Jerome Hill attended Yale University. At Yale, he made a number of friends that would last his entire lifetime. While a student, he took full advantage of his proximity to New York City to see a variety of arts events. His brother, Louis Jr., attended Exeter and then Yale, attending while Jerome was also a student, so Louis and Jerome made some of these trips together.
Upon graduation in 1927 with a degree in music, Hill traveled to Europe and began studies in painting. On trips with family and friends in Europe, Hill experimented with still photography and with early motion picture cameras.
His early adulthood was marked by a period of ill health. It is not explained or outlined in any great degree in the collection, but Hill apparently suffered from a thyroid problem, the effect of which upon his life was compounded by medical advice that had him avoid strenuous activities. As he aged into his mid-twenties, he decided that building his strength was necessary, and he begins to appear much more vital and healthy in photographs of this period.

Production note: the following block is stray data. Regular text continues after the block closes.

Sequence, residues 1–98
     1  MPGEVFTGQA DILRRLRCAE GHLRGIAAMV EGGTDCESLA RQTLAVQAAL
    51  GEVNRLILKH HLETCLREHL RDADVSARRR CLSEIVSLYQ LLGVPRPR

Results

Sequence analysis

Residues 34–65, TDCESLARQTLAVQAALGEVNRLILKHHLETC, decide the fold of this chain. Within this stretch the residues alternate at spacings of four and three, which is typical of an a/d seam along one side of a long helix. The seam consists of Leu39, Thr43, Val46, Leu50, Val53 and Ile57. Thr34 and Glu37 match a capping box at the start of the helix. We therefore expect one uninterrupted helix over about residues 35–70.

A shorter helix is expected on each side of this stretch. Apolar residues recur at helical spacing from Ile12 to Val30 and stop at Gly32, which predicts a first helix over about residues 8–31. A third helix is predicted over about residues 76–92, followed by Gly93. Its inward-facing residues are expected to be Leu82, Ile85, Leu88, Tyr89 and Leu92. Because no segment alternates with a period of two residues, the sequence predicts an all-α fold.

In 1929, while painting landscapes in the south of France, Hill discovered a piece of property in Cassis, a scenic port town on the Mediterranean Sea. Hill purchased the property and began sharing his time between Cassis and Paris in 1930. Although Hill also maintained a residence in Norden, California, and lived in New York City for long stretches, Cassis would remain his physical and spiritual home for the majority of his life.
Hill's filmmaking career began with the filming of "Snow Flight," a documentary and instructional film on the new techniques of downhill skiing that European instructors were bringing to American ski resorts. The film, made on location at Mt. Rainier in Washington state, was released in 1936. In 1939 and 1940, Hill worked on a documentary on companion animals entitled "The Seeing Eye."
Hill painted and made short films throughout the 1930s, and continued to do so until he joined the military for World War II.